# Is there a set which satisfies none of the vector space axioms?

I'm taking a linear algebra course, and while studying vector spaces, I've come up with the following question: Is there a (preferably nontrivial) set which satisfies none of the vector space axioms? That is, for some set $V$ and suitable definitions of addition and scalar multiplication,

• $\exists\ u, v \in V : u+v \notin V$
• $\exists\ u, v \in V : u+v \neq v+u$
• $\exists\ u, v, w \in V :\ (u+v)+w \neq u+(v+w)$
• $\nexists\ 0 \in V : \forall v \in V,\ v+0 = v \text{ and }0+v = 0$
• $\forall\ u \in V,\ u+v = 0 \implies v \notin V$

• $\exists\ u \in V,\ c \in \mathbb{R} : c\cdot u \notin V$

• $\exists\ u \in V,\ c,d \in \mathbb{R} : (cd)\cdot u \neq c(d\cdot u)$
• $\exists\ u \in V,\ c,d \in \mathbb{R} : (c+d)\cdot u \neq c\cdot u + d\cdot u$
• $\exists\ u, v \in V,\ c \in \mathbb{R} : c\cdot (u+v) \neq c\cdot u + c\cdot v$
• $\exists\ u \in V : 1\cdot u \neq u$

No examples come to mind easily. If we try $V = \{x \in \mathbb{R}: x\neq 0\},\$ I have tried things like defining addition by:

$$a+b = ae^{bi} = a(\cos b + i\sin b)$$

This fails all the addition axioms. However, I am struggling to find a definition of multiplication that fails all the multiplication axioms. It is especially hard to work with the ninth axiom; since it distributes a scalar across the sum of two vectors, I must use the convoluted addition while working on it. Is there any way to make it work? I've also tried playing around with the new axioms and trying to see if they are self-contradictory, but haven't gotten anywhere with that. Would it be better to look outside the reals and consider sets of matrices or something like that?

Here is my work for the addition axioms:

If we let $a, b \in \mathbb{R}, a+b = ae^{bi}$, then by Euler's identity,

$$a+b = a(\cos b + i\sin b)$$

Which has the possibility to be a complex number, not a real number. So the set is not closed under addition (defined this way).

$$ae^{bi} \neq be^{ai}$$

$$(a+b)+c = ae^{bi}+c = ae^{bi}e^{ci} = ae^{bci^2} = ae^{-bc}$$ $$a+(b+c) = a+ be^{ci} = ae^{be^{ci}} = ae^{b(\cos c + i\sin c)}$$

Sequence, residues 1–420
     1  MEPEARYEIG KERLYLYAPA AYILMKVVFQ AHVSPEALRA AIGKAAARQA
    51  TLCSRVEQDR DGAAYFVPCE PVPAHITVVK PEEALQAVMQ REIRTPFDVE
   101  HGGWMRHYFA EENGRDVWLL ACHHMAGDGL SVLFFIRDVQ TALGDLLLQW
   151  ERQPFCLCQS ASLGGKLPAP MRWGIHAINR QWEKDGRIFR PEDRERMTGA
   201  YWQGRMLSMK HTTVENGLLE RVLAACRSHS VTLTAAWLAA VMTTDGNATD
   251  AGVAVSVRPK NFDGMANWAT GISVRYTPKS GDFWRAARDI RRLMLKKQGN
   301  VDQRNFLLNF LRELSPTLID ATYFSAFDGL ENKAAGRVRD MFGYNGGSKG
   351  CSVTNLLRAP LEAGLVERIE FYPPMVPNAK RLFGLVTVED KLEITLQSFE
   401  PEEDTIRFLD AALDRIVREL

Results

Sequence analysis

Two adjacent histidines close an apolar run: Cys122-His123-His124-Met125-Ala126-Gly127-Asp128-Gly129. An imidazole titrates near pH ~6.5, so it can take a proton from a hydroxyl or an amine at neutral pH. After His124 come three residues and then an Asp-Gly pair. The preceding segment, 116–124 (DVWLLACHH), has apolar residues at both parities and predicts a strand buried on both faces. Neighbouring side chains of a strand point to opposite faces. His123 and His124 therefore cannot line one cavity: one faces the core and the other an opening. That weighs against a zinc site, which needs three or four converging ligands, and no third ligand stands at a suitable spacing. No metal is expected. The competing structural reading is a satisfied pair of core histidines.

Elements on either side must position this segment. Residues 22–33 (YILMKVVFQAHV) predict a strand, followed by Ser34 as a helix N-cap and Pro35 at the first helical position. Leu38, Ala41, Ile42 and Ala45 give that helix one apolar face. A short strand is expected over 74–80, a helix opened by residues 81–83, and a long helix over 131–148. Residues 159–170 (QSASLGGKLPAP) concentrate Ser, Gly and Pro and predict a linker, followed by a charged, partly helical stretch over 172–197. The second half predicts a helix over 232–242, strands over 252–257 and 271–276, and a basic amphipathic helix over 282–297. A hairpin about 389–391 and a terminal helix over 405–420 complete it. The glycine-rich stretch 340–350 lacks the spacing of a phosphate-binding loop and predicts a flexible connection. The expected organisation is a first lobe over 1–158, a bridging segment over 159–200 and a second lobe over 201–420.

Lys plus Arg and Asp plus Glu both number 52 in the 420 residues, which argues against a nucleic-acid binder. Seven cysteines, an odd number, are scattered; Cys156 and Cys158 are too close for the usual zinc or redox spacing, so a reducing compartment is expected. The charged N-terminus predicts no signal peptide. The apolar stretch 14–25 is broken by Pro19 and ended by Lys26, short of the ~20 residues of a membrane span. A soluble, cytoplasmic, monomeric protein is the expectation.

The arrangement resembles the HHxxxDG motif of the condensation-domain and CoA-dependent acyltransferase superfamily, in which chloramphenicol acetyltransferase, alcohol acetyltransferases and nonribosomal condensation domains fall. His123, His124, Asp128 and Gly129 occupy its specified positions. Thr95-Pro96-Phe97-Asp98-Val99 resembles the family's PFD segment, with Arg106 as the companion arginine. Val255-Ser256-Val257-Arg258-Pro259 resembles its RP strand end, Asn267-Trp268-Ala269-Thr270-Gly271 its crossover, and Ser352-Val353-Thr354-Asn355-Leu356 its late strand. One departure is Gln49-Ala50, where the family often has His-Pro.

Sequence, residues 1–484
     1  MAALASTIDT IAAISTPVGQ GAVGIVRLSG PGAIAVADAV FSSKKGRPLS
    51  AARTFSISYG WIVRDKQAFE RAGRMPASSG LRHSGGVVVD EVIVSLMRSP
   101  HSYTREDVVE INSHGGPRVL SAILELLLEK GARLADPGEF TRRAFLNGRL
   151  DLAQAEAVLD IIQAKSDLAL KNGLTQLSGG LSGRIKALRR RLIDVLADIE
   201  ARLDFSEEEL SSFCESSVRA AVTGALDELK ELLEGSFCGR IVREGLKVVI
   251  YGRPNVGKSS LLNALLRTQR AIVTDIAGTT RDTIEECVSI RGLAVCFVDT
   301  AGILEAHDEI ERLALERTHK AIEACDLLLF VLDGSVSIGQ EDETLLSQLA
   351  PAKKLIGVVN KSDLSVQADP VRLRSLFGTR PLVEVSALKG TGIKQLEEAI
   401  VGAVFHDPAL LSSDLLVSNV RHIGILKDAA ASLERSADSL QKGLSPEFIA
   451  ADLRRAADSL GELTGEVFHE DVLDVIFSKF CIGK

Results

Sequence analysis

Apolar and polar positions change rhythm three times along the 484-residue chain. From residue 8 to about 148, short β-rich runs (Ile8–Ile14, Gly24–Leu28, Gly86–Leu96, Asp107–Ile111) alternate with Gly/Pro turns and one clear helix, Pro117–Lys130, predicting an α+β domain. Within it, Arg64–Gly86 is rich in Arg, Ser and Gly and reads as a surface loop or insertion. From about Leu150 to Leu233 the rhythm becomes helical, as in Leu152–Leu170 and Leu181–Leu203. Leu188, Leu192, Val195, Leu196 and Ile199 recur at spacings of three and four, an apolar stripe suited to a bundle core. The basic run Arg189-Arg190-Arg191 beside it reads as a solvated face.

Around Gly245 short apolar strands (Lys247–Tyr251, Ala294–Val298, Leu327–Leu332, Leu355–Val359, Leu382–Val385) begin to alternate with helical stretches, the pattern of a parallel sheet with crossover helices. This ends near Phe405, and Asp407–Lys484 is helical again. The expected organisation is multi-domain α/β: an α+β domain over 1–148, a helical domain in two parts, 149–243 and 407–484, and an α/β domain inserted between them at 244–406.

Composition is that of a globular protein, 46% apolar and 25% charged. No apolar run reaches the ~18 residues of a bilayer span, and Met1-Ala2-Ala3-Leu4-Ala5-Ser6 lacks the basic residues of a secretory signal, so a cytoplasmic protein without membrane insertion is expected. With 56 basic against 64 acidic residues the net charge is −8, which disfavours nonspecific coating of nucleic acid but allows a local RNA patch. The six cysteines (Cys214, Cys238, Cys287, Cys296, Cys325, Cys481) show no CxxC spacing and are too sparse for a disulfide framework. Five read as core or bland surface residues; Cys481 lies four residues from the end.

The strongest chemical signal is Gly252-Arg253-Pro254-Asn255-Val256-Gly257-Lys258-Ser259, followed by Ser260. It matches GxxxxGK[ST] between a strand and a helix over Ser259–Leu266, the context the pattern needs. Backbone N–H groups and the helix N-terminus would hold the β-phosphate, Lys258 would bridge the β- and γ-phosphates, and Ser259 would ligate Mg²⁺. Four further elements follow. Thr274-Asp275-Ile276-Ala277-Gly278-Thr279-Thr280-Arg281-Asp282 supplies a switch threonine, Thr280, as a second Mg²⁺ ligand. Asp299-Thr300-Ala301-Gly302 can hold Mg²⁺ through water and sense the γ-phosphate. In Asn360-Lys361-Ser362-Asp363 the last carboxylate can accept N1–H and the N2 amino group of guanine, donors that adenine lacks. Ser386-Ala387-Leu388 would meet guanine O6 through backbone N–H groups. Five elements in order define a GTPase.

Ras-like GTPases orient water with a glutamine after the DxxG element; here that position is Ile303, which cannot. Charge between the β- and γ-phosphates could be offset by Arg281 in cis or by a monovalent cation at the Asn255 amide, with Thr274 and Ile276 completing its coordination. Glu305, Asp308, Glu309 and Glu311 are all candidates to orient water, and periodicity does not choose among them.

In general, $-c \neq \cos c + i\sin c$, so in general $(a+b)+c \neq a + (b+c)$. So addition is not associative.

$e^z \neq 0$ for any z, so there is no $b$ such that $a+b = ae^{bi} = 0$. However, there obviously is $a=0$ such that $ae^{bi} = 0$. But this does not work the other way. So there is no additive identity in general such that $a+0 = a$ and $0+a = a$. But I excluded $0$ from $V$ anyway, just in case a one-way identity would cause problems.

Since there is no zero element, $a+b \neq 0$.

• Your definition of addition and multiplication for this question has no meaning. Basically you are asking for two binary operations on a set which is contained in some bigger set such that the vector space axiom "fails". But you don't even have a defined linear structure so how is this even a linear algebra problem? – Jacky Chong Oct 14 '16 at 19:35
• I don't understand what restrictions on addition or multiple you are assuming. Let X {babar,pink honk honk}. babar + babar = jumbo. babar+ pink honk honk = pink honk honk while pink honk honk + babar = babar, etc. kinda silly, isn't it. – fleablood Oct 14 '16 at 20:51

Just dare to be wild enough, e.g., let $V=\{1,2,3\}$ and $u\color{red}+v=u+v^2$, $c\color{red}\cdot v=c^2+v$

The question is meaningless; a set does not satisfy (nor not satisfy) the vector space axioms.

What is needed to test the axioms is a set together with two binary operations: addition of vectors, and multiplication of vectors by scalars (for you $\mathbb{R}$, but in general other fields could work).

There are plenty of binary operations one could impose on a set that would fail all of the axioms. For example, suppose our set is $\{a,b\}$, and we define $a+b=c$ and $b+a=d$, and multiplication by scalars as $3*a=e$ while $2*a=f$, and $x*a=g$, for all other real $x$.

But why on earth would anyone be interested in such a weird construction?

• It sounds like your first sentence is responding to the title moreso than the question. The question does say "and suitable definitions of addition and scalar multiplication". – Mark S. Oct 14 '16 at 19:34
• If a+b=c then you dont have a set with a binary operation on it unless c is equal to a or b. – Mark S. Oct 14 '16 at 19:35
• @marks what does it even mean to be suitable if you want your addition to be non commutative. – Jacky Chong Oct 14 '16 at 19:45
• What on earth does "suitable" mean? The only definition for suitable that I can tell would be that the satisfy the axioms. Why wouldn't 1+325=2 while 325+1=7 be "suitible"? – fleablood Oct 14 '16 at 20:54
• @fleablood I assumed they intended "corresponding"; I suspect they were just used to seeing the word "suitable" in that spot in math texts and used it without thinking much. Whatever apoapsis meant by "suitable", or whether it was reasonable, my only point was that since they mentioned definitions of "addition" and "scalar multiplication", I took that as evidence that they knew that an underlying set alone wasn't enough for consideration. Sorry if I was unclear. I definitely did not intend to say "hey your definition isn't 'suitable'!", whatever that would mean. – Mark S. Oct 14 '16 at 21:26